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The rhetoric surrounding Web 2.0 infrastructures presents certain cultural claims about media, identity, and technology. It suggests that everyone can and should use new Internet technologies to organize and share information, to interact within communities, and to express oneself. It promises to empower creativity, to democratize media production, and to celebrate the individual while also relishing the power of collaboration and social networks. Websites such as Flickr, Wikipedia, del.icio.us, MySpace, and YouTube are all part of this second-generation Internet phenomenon, which has spurred a variety of new services and communities – and venture capitalist dollars. But Web 2.0 also embodies a set of unintended consequences emerging from the resultant blurring of the boundaries between Web users and producers, consumption and participation, authority and amateurism, play and work, data and the network, reality and virtuality.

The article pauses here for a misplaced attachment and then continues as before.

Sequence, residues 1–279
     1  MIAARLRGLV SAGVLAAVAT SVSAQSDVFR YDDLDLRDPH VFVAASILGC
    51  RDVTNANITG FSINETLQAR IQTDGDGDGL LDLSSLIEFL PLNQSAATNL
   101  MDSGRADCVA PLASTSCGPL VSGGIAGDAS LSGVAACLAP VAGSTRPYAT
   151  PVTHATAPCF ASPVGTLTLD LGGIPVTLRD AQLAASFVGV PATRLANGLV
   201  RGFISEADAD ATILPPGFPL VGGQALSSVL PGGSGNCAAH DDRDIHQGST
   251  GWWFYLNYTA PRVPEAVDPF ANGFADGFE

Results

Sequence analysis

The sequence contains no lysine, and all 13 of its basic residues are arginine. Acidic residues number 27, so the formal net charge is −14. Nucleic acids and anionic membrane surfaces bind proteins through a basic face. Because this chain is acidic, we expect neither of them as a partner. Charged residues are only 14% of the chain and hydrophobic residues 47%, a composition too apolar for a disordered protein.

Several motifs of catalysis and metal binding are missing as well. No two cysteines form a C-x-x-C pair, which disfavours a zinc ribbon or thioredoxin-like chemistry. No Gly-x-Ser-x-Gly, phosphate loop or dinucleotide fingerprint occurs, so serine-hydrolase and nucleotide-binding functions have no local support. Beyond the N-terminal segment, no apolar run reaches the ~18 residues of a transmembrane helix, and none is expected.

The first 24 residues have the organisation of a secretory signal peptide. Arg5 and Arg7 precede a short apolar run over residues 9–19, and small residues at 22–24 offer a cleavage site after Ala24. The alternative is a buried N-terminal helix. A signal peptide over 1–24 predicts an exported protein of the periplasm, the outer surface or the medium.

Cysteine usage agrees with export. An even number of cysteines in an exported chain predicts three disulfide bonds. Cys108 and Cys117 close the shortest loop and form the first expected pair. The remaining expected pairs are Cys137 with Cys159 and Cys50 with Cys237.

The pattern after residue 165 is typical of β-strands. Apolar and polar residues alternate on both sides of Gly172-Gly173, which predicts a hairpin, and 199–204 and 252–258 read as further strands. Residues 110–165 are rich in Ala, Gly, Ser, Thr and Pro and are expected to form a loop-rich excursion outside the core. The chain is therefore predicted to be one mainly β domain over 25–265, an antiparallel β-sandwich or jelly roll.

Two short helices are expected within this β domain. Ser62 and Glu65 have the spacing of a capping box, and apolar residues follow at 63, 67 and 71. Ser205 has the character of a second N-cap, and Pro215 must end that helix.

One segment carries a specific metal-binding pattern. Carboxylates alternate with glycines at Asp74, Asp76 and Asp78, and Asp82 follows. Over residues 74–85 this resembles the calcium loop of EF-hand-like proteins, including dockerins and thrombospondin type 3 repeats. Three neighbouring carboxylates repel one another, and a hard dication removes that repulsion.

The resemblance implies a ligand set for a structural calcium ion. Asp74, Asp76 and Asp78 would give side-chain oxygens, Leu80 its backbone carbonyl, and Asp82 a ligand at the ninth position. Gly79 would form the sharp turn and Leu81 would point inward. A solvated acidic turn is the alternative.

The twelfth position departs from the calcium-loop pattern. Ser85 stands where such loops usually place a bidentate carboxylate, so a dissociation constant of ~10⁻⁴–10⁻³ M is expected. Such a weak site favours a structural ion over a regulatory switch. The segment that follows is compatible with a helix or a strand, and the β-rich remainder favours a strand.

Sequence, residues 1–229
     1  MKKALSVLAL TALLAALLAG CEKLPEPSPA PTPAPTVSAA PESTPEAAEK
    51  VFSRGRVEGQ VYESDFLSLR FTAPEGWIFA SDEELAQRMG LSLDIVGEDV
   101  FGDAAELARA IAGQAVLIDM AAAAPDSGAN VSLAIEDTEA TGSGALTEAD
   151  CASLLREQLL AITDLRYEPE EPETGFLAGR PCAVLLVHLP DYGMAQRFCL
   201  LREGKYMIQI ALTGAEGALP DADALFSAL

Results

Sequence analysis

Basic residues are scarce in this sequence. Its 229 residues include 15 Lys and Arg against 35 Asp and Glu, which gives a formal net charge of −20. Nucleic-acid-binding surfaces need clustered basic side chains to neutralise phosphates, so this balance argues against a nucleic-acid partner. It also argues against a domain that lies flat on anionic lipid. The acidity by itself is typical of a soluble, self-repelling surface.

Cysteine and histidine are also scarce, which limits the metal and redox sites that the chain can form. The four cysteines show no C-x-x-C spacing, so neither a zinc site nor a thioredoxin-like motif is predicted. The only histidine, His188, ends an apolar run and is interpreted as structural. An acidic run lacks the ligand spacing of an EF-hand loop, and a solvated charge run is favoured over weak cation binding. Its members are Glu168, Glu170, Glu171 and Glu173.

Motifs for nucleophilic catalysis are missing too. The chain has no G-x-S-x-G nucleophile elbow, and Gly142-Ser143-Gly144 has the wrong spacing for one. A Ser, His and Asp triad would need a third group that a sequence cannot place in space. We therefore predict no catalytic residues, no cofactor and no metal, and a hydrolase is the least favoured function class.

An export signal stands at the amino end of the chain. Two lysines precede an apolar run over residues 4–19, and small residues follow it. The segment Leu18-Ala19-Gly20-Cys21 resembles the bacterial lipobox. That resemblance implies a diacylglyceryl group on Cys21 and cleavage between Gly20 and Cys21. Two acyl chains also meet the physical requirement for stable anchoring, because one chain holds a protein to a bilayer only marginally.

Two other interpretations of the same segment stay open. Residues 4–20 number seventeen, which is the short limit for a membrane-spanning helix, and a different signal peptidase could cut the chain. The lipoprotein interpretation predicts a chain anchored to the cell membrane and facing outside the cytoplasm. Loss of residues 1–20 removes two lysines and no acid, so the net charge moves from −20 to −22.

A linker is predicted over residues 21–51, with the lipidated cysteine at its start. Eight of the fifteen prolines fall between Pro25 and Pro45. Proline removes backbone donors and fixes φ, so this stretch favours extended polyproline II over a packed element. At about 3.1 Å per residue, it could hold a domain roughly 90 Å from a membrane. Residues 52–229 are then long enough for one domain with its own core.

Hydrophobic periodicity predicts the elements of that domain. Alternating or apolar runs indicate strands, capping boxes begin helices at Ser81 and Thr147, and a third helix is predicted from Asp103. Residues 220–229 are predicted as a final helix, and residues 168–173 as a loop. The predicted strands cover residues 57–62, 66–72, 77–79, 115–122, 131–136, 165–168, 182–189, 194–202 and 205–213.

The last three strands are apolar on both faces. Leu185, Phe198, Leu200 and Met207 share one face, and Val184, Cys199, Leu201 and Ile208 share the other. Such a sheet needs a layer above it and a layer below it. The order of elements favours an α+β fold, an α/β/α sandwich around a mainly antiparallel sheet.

The focus of this paper is the unintended consequence of the increased flow of personal information across Web 2.0 infrastructures, and in particular, the efforts by web search engines to crawl and aggregate this data in order to build profiles, predict intentions, and deliver personalized products and services. This drive the perfect search engine through the capture of personal information flowing across the networks – the quest for Search 2.0 – brings with it particular value externalities, such as the privacy of individuals’ online intellectual activities. This paper argues that the externalities of Search 2.0 represent a new and powerful “infrastructure of dataveillance,” whose “methodical, technology-driven, [and] impersonal” panoptic gaze is quickly becoming “a primary mechanism of surveillance and, by extension, social control in our society” (Staples, 2000, p. 5).
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